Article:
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A worker looks on as a police officer investigates a collapsed crane resting on the building it damaged in Kelowna, B.C., on July 12.

Alistair Waters/The Canadian Press

Photos of bright yellow and orange safety shirts or vests hanging on front stoops or in windows are spreading across social media as communities in B.C.’s Okanagan Valley mourn the deaths of five men killed when a crane collapsed at a construction site.

The photos shared using the hashtag #KelownaStrong show residents and construction-sector businesses in Kelowna and nearby Salmon Arm, B.C., are using the high-visibility gear to show support for the families of those killed on Monday.

The RCMP have said four of the men killed were working at the site where a 25-storey residential tower has been under construction, while the body of a fifth man was recovered early Wednesday from the rubble of a neighbouring building.

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The website for Stemmer Construction, based in Salmon Arm, lists the tower in Kelowna as one of its projects.

Kim Savage posted a photo of two vests hanging at The Ensuite, a showroom for EMCO plumbing and heating supplies in Salmon Arm and says the Stemmer family is fairly well known in the close-knit community.

Calls to Stemmer’s office have not been answered this week.

The Mounties have not released the names of the men killed.

From the GoFundMe page for Pam and Steven Zook, who lost their son, Jared Zook, in the crane collapse.

Another man was released from hospital after being treated for minor injuries.

The collapse knocked out power for most of Kelowna’s downtown core and prompted an evacuation order that remains in effect for some nearby properties.

The Central Okanagan Emergency Operations centre posted an update on Wednesday saying the order has been rescinded for a number of nearby addresses, but it remains in effect for other homes and businesses.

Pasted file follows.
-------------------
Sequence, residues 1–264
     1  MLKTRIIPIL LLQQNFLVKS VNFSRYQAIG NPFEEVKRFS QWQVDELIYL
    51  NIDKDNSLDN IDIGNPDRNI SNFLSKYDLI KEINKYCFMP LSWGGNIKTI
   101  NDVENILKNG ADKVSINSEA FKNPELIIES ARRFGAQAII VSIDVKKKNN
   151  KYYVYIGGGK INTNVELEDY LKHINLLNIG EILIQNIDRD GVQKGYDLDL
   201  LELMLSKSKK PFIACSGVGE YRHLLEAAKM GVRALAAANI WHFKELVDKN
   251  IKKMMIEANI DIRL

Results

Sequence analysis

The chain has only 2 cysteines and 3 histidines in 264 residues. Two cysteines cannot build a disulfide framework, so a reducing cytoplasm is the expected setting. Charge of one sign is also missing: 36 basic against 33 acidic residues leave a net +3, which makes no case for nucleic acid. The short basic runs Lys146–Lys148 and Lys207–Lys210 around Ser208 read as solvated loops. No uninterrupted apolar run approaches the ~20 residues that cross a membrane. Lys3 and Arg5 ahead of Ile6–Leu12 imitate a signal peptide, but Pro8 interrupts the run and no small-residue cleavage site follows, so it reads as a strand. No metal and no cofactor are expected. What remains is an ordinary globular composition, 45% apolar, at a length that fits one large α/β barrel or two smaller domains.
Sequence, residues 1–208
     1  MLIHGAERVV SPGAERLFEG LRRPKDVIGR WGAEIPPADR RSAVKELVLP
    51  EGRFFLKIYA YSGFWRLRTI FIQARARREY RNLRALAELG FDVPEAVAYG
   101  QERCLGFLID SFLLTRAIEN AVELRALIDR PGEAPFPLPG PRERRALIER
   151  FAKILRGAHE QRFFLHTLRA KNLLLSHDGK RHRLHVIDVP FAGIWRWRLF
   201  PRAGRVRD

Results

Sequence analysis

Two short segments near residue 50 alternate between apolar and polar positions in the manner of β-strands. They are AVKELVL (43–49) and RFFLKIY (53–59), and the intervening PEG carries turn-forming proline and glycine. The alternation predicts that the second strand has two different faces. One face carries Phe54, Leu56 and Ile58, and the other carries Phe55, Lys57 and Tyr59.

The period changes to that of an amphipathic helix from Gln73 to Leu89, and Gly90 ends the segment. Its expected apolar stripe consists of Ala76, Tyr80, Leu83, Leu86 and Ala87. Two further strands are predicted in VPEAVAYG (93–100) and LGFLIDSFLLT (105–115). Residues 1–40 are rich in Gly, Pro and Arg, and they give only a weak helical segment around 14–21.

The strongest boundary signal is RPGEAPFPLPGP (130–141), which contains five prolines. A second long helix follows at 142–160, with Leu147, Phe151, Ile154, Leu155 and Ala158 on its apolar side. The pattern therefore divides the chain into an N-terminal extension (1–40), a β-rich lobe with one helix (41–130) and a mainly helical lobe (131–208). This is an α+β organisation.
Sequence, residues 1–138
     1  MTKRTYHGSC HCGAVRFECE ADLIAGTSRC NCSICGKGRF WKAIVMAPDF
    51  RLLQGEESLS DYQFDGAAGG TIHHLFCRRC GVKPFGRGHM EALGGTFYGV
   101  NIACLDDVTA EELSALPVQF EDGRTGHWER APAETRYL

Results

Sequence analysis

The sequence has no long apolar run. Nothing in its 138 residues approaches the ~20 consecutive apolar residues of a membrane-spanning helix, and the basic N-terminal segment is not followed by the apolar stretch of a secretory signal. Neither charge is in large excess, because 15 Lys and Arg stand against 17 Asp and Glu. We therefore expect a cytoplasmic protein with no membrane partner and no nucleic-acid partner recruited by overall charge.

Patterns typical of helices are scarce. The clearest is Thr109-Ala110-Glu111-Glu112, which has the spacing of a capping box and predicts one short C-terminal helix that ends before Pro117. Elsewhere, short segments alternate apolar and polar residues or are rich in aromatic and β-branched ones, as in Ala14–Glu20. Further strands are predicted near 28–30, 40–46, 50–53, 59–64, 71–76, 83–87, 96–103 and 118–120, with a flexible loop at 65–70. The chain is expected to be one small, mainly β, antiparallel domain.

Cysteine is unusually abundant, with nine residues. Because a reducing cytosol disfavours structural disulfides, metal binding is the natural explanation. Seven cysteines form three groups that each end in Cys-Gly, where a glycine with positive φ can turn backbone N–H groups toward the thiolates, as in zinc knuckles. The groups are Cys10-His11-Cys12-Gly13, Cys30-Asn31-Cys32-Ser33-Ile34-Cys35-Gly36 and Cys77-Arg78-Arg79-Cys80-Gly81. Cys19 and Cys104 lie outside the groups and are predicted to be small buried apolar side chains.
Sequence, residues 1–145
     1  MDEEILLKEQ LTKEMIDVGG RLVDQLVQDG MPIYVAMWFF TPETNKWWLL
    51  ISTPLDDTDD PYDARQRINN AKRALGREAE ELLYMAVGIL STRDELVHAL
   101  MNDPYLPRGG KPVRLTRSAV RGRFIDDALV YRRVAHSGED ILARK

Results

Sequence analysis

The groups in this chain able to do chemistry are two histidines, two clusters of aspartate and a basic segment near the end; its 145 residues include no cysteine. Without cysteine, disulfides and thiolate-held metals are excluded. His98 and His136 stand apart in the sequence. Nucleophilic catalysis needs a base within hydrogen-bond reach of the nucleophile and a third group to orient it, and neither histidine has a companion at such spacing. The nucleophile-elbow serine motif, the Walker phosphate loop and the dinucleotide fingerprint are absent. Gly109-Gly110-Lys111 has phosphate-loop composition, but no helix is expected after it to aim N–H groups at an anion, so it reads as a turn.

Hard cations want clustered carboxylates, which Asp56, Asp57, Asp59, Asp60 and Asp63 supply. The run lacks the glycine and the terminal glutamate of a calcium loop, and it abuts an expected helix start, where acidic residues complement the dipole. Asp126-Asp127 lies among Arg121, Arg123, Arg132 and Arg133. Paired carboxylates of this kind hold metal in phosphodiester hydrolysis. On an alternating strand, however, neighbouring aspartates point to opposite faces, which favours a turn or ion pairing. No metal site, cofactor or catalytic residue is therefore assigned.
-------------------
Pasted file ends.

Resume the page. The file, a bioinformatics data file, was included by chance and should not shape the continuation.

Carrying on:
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The centre says it could take several days for the order to be fully rescinded once the remaining part of the crane is removed and the area is deemed safe.

David Boone, an assistant fire chief and the leader of the specialized search and rescue team from Vancouver that recovered the man’s body from the neighbouring building, said earlier in the day that parts of the crane were still at risk of collapse.

The BC Coroners Service, the RCMP and WorkSafeBC, the provincial safety agency for workers, are each conducting investigations into the fatal incident.

The collapse spurred a local union representing B.C. construction workers to call on municipalities and the provincial government to strengthen regulations and training for workers involved in the assembly and dismantling of tower cranes.

A statement released Wednesday by the International Union of Operating Engineers Local 115, based in Burnaby, B.C., says its members have lobbied for years for improved safety standards and mandatory tower crane operator certification.

There are 200 tower cranes operating throughout B.C. and their assembly and dismantling is largely done under tight timelines in high-traffic areas, it says.

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The RCMP said Tuesday that the crane collapsed while it was being dismantled.

Labour Minister Harry Bains says it would be inappropriate for the government to presuppose the cause while investigations into the collapse are ongoing.

“Once we have those findings and understand the cause of this incident, the province will be able to take appropriate action toward ensuring something like this does not happen again,” Bains said in a statement on Wednesday.

Crane operators must have a valid certificate and their certification is administered through the BC Association for Crane Safety, according to the WorkSafeBC website.

There is no additional certification required to assemble or disassemble cranes. Instead, WorkSafeBC requires that work is done by people qualified under occupational health and safety regulations for cranes and hoists, in accordance with the instructions of the crane manufacturer or a professional engineer.

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